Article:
Wolves have a bad reputation. They're the villain in fairy tales, and not everyone is happy that the number of wolves in the wild is growing in the western United States.
Many people see a group of wolves as a threatening mob, but Jim and Jamie Dutcher, who lived with a pack of wolves in Idaho in 1991-96, know better.
The husband and wife, who authored "The Hidden Life of Wolves, are also photographers and documentary filmmakers. They received permission from government officials to keep 11 wolves in a 25-acre camp, the largest such enclosure in the world. They raised the pups by hand, establishing a relationship with them that allowed them to see how wolves live.
The Dutchers waited for the wolves to come to them each morning, after which the animals would sprint away in different directions.
At one point during their time with the wolves, a mountain lion killed a female wolf named Motaki. The wolves stopped playing for six weeks as they mourned her loss.
Wolves used to be common in the western United States. But as people moved west, their actions brought wolves close to extinction. By 1973, only a few hundred gray wolves were left in the continental United States.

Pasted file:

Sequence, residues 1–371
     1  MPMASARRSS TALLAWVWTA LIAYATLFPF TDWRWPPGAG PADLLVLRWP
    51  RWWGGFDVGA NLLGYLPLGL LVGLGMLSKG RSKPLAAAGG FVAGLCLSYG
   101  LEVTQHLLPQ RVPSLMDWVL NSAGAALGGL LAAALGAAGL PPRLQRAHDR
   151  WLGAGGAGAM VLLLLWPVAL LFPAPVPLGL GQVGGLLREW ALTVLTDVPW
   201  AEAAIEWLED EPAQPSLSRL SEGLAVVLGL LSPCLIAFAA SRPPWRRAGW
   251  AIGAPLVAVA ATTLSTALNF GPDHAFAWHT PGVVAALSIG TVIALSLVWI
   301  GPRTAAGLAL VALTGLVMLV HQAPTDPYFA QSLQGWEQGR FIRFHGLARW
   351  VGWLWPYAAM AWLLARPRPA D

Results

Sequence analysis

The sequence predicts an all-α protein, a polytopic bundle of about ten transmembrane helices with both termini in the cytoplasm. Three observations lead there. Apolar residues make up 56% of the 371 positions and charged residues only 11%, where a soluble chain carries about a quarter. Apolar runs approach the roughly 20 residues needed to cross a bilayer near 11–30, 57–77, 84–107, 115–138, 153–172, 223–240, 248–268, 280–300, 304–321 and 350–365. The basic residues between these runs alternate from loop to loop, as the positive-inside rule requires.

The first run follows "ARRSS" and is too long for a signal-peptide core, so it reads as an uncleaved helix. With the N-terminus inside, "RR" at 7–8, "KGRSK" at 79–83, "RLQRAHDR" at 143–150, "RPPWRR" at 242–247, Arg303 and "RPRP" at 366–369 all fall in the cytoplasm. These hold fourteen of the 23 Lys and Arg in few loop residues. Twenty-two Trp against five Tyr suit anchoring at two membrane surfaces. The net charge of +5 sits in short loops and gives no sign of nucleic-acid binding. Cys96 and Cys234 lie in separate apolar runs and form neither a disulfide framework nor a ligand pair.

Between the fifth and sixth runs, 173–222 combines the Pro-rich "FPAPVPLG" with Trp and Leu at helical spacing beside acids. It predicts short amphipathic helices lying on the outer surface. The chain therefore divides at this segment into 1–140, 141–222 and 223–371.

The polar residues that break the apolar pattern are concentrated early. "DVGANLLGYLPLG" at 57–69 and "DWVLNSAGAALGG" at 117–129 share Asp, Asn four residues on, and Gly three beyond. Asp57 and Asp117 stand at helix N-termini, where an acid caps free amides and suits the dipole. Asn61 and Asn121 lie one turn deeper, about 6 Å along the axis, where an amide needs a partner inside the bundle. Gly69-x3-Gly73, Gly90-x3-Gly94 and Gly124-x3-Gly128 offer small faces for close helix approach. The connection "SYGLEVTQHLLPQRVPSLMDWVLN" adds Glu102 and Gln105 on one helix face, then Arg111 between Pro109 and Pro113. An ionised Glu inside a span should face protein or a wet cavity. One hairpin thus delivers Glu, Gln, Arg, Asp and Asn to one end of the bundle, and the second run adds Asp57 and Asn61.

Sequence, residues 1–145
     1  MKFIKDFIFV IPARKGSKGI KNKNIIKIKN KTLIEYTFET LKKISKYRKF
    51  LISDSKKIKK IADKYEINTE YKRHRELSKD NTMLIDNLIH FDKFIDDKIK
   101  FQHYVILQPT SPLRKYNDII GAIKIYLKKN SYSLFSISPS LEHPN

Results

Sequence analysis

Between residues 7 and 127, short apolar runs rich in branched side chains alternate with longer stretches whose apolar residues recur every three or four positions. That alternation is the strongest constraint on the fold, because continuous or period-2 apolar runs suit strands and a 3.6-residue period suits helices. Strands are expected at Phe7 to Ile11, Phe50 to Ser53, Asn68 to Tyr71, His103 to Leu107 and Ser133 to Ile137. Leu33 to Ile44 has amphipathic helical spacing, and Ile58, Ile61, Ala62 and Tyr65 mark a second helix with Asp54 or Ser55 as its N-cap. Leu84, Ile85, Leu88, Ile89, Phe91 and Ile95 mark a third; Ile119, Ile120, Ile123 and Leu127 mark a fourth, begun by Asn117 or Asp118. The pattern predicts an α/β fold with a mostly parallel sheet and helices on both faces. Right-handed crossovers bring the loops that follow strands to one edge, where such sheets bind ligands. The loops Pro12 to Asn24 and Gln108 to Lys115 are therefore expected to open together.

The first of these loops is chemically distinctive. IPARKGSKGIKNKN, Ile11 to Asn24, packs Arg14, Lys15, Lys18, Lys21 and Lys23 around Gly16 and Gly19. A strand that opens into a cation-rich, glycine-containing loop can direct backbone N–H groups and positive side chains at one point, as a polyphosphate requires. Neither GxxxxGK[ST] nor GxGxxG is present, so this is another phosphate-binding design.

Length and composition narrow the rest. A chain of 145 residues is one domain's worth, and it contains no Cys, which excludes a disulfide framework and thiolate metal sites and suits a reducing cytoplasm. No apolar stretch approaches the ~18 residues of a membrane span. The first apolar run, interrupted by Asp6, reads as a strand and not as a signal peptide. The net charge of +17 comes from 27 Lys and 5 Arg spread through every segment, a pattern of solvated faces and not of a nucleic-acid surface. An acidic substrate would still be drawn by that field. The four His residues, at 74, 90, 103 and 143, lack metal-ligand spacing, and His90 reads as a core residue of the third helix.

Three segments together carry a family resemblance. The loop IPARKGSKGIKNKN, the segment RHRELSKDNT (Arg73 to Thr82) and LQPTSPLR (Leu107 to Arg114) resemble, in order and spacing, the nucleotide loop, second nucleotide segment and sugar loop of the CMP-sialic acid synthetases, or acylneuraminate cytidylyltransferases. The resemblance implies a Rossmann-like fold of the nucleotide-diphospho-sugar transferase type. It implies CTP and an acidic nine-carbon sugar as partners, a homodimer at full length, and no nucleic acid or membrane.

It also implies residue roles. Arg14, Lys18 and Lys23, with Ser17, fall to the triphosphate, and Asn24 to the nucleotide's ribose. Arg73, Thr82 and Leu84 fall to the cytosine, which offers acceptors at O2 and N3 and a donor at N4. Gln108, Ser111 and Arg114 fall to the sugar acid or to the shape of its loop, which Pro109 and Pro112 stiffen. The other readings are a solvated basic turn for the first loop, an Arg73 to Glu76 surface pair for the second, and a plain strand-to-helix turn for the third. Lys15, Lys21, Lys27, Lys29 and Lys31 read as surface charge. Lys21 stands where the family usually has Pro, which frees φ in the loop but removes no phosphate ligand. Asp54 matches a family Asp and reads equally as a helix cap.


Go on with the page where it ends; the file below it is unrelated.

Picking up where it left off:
Since then, wolves have rebounded. There are about 6,000 in the continental United States and another 7,700 to 11,200 in Alaska. Only two small wolf groups -- Mexican gray wolves in New Mexico and Arizona, and red wolves in North Carolina -- are still endangered.
But that doesn't mean wolves are safe. The Dutchers, who gave their wolves to the Nez Perce Indian Reservation, now spend much of their time working to protect wolves through their group Living With Wolves. Some ranchers and farmers worry because wolves attack their livestock, and some people like to hunt wolves for sport; at least 1,500 wolves have been killed in the past two years.
Kids are among the animals' most passionate advocates: Bannockburn School in Lake Forest, Ill., holds an annual dance called Wolfstock to raise money for wolf conservation.